Malachi Martin; an Irish priest who dedicated his life to battling an ancient evil. Malachi Martin; exorcist. Using first-hand interviews, dramatic reconstruction, archival evidence and Martin’s own words, this documentary will follow Father Martin’s incredible crusade from the 1970s through to his death in 1999. So. Does the Devil exist?
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“Wishful Drinking” is based on Fisher’s memoirs of the same title. The stage adaptation had its world premiere in 2006 at the Geffen Playhouse in L.A. It later played at Berkeley Repertory before opening on Broadway in October at Studio 54. The show takes audiences on a comic tour of Fisher’s messy personal life and career. The actress-writer recounts stories about her work on the “Star Wars” series as well as her relationship with her parents Eddie Fisher and Debbie Reynolds. She also discusses her much-publicized problems with alcohol and drugs.
This harrowing war film is an epic dramatization of the first battle of World War II. The Battle of Westerplatte that began on 1 September 1939 will forever be remembered as the one that announced the beginning of the Second World War in Europe. Over one week, fewer than 200 Polish soldiers fought against heavy German bombardment and in the process came to symbolize the power of resistance. As the violence rages, a complex battle of a more personal nature plays out between two Polish commanders over how to best lead their men. Amid the bloodshed, they must ask themselves – should they fight until the last man standing or surrender in the face of overwhelming odds? What unfolds is a stirring exploration of the fight against the forces of tyranny.
American: The Bill Hicks Story is a biographical documentary film on the life of comedian Bill Hicks. The film was produced by Matt Harlock and Paul Thomas, and features archival footage and interviews with family and friends, including Kevin Booth. The filmmakers used a cut-and-paste animation technique to add movement to a large collection of still pictures used to document events in Hicks’ life. The film made its North American premiere at the 2010 South by Southwest Film Festival. The film was nominated for a 2010 Grierson British Documentary Award for the “Most Entertaining Documentary” category. It was also nominated for Best Graphics and Animation category in the 2011 Cinema Eye Awards. Awards won include The Dallas Film Festivals Texas Filmmaker Award, at Little Rock The Oxford American’s Best Southern Film Award, and Best Documentary at the Downtown LA Film Festival. On Rotten Tomatoes, 81% of the first 47 reviews counted were rated positive.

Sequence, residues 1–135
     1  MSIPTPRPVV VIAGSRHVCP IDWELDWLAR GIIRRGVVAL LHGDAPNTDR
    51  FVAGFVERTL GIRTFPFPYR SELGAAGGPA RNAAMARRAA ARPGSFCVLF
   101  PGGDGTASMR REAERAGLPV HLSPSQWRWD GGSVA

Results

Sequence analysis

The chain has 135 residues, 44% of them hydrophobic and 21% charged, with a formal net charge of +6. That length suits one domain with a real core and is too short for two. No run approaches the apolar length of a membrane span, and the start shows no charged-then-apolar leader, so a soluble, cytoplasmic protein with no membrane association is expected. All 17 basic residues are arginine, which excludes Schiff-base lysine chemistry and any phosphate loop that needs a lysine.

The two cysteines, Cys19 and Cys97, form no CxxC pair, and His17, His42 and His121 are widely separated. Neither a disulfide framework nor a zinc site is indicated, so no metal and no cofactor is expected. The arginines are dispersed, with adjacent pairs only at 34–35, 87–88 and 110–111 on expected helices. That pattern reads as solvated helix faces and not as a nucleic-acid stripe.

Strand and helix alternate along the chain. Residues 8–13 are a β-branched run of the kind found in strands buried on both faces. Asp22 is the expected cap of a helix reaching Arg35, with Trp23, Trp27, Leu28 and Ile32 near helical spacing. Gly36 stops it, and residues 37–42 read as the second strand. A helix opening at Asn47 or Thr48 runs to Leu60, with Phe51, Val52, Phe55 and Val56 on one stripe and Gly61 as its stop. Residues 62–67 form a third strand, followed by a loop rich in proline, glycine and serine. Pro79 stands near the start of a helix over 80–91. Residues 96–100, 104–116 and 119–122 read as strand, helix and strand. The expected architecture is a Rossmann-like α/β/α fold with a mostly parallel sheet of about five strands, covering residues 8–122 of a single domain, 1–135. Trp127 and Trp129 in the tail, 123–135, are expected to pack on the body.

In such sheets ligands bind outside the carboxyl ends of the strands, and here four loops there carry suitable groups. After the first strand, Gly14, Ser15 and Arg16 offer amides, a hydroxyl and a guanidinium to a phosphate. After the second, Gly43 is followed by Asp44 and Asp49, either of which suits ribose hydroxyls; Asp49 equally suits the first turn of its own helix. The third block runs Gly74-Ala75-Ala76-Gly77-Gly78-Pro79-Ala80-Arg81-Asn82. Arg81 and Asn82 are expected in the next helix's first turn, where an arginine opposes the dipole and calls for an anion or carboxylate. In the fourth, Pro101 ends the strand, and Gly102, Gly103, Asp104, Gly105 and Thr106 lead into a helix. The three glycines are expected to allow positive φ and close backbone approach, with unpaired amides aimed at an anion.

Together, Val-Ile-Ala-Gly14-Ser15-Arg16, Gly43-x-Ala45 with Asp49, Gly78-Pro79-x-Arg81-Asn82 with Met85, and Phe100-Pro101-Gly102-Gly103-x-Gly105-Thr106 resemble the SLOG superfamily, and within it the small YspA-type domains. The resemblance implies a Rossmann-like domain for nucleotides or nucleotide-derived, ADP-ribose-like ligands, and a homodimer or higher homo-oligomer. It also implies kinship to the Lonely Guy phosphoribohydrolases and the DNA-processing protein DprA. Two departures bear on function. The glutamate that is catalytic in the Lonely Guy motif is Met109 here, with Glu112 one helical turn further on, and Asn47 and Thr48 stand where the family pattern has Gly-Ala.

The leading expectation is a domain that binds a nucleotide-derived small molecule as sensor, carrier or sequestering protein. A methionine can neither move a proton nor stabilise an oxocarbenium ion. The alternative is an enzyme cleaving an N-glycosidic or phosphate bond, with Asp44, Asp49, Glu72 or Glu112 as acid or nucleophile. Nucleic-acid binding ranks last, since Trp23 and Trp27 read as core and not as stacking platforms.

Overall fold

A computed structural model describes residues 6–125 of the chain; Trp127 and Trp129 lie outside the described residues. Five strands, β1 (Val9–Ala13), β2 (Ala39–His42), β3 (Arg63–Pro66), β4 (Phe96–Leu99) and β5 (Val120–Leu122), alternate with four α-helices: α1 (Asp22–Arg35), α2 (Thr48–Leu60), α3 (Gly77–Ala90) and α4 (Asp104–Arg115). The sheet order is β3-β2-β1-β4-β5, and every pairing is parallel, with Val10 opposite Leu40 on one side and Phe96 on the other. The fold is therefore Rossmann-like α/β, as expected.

The world knows Paul Newman as an Academy Award winning actor with a fifty-plus year career as one of the most prolific and revered actors in American Cinema. He was also well known for his philanthropy; Newman’s Own has given more than four hundred and thirty million dollars to charities around the world. Yet few know the gasoline-fueled passion that became so important in this complex, multifaceted man’s makeup. Newman’s deep-seated passion for racing was so intense it nearly sidelined his acting career. His racing career spanned thirty-five years; Newman won four national championships as a driver and eight championships as an owner. Not bad for a guy who didn’t even start racing until he was forty-seven years old.
When Betty Anne Waters’ older brother Kenny is arrested for murder and sentenced to life in 1983, Betty Anne, a Massachusetts wife and mother of two, dedicates her life to overturning the murder conviction. Convinced that her brother is innocent, Betty Anne puts herself through high school, college and, finally, law school in an 18 year quest to free Kenny. With the help of best friend Abra Rice, Betty Anne pores through suspicious evidence mounted by small town cop Nancy Taylor, meticulously retracing the steps that led to Kenny’s arrest. Belief in her brother – and her quest for the truth – pushes Betty Anne and her team to uncover the facts and utilize DNA evidence with the hope of exonerating Kenny.
Confronted by Apartheid and a father who was Minister of Censorship, Ingrid Jonker searched for a home, searched for love. With men like Jack Cope and André Brink she found much love, but no home. Later, in his first speech to the South African Parliament Nelson Mandela read her poem “The Dead Child of Nyanga” and addressed her as one of the finest poets of South Africa.